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Wednesday, September 24, 2008

Chevy Volt engine won't recharge the battery after all

DETROIT — Remember when we wrote that the 2011 Chevrolet Volt would be able to run 40 miles on pure electric power and then fire up an onboard four-cylinder engine to recharge the batteries?

Turns out, that's not at all true.

In contrast to popular (and our) impression, once a driver uses up his 40 or so miles of electric power, the 1.4-liter gas engine generates electricity to power the electric drive motor, but does not recharge the batteries. After the 40 or so miles, the battery becomes 400 pounds of uselessness, at least until the owner can plug the car into the electrical grid for a recharge. This means that regardless of how far one drives the Volt, the driver will only ever get up to 40 miles of electric-only range.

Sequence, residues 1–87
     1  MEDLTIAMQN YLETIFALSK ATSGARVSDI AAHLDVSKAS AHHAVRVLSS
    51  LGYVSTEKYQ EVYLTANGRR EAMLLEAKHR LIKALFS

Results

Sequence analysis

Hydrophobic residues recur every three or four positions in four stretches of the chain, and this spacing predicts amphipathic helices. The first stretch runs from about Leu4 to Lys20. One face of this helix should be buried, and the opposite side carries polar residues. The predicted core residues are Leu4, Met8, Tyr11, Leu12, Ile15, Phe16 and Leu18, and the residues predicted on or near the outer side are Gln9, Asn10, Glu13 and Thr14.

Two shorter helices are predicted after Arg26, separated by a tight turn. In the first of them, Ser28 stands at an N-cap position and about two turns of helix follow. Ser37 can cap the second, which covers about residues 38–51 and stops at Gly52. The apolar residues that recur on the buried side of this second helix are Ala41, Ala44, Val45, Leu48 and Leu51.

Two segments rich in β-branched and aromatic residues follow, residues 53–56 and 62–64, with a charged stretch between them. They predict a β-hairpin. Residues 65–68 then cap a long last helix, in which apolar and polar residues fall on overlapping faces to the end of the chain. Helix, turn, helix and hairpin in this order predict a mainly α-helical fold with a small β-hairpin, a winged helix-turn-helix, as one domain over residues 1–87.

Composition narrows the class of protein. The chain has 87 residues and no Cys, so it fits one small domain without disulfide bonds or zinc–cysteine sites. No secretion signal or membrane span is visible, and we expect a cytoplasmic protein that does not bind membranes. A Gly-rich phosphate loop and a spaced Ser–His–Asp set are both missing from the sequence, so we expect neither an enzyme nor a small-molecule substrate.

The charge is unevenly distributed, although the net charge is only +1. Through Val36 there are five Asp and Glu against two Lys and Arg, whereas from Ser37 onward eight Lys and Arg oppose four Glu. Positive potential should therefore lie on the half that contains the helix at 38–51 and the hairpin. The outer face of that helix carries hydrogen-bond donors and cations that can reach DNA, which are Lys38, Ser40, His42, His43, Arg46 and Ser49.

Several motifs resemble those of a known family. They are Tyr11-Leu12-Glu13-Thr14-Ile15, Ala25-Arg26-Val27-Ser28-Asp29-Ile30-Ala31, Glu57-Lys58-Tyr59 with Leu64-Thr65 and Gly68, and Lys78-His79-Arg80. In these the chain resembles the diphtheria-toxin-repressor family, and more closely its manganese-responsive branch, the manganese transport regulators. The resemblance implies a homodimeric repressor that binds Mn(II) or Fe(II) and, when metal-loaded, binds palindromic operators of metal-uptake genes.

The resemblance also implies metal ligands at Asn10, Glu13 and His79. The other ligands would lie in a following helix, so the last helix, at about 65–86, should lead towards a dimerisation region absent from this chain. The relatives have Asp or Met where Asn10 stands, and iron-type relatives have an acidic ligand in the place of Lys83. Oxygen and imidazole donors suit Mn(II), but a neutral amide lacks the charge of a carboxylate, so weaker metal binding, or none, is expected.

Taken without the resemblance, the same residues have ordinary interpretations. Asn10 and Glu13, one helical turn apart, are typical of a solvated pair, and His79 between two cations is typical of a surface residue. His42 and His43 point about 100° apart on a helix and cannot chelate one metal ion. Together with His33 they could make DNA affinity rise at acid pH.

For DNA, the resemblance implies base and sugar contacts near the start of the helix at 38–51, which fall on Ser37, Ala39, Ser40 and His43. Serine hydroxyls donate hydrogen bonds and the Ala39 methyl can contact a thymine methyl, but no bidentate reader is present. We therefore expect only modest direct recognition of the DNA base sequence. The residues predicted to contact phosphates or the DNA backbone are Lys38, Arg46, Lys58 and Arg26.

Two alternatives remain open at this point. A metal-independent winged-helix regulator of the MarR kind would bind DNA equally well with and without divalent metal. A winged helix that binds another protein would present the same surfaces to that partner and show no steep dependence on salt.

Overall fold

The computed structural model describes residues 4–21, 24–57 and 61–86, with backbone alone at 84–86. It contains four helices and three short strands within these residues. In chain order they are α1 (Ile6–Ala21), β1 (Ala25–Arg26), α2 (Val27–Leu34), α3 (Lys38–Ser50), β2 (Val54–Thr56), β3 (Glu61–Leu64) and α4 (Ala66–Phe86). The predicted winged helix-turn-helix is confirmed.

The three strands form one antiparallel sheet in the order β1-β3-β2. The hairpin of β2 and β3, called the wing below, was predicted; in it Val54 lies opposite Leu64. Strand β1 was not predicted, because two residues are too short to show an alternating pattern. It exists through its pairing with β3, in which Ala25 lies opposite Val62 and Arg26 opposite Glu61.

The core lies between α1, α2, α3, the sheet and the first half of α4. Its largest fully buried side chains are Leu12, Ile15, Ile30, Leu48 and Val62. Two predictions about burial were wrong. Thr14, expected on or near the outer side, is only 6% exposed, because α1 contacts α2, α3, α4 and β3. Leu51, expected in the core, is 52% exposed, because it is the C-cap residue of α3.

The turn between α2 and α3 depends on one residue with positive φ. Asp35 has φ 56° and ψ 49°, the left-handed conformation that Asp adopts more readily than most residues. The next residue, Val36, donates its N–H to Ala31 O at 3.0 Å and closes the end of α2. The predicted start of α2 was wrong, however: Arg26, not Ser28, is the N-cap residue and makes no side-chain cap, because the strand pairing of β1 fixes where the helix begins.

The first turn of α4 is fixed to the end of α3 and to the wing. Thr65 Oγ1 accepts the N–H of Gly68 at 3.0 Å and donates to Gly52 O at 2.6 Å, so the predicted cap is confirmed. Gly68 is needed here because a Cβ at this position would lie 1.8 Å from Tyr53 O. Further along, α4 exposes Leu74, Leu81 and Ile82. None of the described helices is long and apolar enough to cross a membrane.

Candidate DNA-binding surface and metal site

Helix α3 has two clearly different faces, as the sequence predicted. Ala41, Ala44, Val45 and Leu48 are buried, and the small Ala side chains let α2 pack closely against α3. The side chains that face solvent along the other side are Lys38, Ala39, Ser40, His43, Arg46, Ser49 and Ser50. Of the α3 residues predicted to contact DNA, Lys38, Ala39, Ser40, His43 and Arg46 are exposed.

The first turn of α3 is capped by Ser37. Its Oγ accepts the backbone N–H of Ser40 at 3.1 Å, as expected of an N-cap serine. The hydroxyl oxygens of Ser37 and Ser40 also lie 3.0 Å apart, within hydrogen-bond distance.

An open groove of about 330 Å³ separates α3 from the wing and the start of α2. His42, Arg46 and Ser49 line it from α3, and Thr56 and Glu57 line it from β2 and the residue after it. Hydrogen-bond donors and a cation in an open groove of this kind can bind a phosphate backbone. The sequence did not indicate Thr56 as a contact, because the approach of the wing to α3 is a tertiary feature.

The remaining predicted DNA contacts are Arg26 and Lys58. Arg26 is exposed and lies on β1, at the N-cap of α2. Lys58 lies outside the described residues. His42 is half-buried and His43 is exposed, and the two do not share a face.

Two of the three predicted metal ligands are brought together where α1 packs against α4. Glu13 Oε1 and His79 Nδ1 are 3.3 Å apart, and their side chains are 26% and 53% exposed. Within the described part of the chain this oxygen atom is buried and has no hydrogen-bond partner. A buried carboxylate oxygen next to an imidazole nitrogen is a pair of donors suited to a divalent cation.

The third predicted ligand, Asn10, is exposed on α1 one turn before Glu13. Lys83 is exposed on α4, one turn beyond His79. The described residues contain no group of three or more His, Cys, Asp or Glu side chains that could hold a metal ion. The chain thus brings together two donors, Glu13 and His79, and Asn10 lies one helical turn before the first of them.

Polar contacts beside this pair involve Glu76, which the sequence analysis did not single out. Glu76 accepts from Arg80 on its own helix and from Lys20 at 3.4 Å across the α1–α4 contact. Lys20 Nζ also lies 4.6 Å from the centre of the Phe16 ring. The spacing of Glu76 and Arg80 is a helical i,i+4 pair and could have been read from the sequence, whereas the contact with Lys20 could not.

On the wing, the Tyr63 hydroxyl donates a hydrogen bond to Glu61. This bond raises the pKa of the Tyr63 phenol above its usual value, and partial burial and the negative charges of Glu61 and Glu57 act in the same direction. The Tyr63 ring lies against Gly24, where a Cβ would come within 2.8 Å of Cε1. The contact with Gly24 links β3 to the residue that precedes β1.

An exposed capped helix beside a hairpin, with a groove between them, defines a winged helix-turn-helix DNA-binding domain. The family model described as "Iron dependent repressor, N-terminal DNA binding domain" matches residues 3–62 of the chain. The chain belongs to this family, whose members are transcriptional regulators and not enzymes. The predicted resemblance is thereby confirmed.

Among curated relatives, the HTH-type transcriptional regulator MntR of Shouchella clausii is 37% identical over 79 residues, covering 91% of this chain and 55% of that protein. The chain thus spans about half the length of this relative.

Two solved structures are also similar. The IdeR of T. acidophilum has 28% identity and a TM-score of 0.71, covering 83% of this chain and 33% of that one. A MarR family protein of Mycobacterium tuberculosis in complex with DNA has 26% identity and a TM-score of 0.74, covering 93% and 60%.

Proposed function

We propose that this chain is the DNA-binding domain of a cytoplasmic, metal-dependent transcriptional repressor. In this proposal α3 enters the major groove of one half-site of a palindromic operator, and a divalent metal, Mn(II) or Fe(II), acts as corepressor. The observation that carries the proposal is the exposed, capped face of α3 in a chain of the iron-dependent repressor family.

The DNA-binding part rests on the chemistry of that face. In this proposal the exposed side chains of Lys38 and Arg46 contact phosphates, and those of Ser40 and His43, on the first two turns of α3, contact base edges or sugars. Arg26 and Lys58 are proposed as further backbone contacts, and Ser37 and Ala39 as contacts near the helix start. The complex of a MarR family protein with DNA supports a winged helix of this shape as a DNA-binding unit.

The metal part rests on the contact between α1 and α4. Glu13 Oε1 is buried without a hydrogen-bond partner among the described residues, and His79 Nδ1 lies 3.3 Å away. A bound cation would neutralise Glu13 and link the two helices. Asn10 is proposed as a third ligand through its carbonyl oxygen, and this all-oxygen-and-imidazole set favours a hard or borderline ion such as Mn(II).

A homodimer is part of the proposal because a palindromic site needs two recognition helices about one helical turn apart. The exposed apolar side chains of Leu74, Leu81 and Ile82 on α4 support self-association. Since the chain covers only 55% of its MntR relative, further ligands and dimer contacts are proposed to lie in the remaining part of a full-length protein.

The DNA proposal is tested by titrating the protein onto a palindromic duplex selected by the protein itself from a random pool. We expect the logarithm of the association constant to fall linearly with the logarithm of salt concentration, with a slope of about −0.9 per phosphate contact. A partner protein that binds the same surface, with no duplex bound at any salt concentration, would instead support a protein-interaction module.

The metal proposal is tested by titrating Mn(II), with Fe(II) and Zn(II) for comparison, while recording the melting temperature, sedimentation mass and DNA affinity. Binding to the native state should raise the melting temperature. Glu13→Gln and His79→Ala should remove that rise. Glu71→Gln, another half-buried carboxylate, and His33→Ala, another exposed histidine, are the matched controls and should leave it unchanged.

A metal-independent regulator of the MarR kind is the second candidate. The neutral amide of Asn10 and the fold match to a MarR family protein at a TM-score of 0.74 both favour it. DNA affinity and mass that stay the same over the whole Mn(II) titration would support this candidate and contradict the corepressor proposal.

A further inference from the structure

Our confusion and that of much of the media corps might have to do with the fact that the company once wrote this: "When the battery is depleted, a 1-liter, three-cylinder turbocharged engine spins at a constant speed, or revolutions per minute (rpm), to create electricity and replenish the battery."

That was from a press release written for the 2007 Detroit Auto Show, where the Volt concept was unveiled. A release from the day of the production prototype's reveal reads, "a gasoline/E85-powered engine generator seamlessly provides electricity to power the Volt's electric drive unit while simultaneously sustaining the charge of the battery." And by "sustaining" GM says that it means only that no additional power is drained from the batteries. Get it?

What this means to you: It's not a deal-breaker and if you travel less than 40 miles per day, it won't make any difference. But for the record: The Volt's gas engine will not recharge its batteries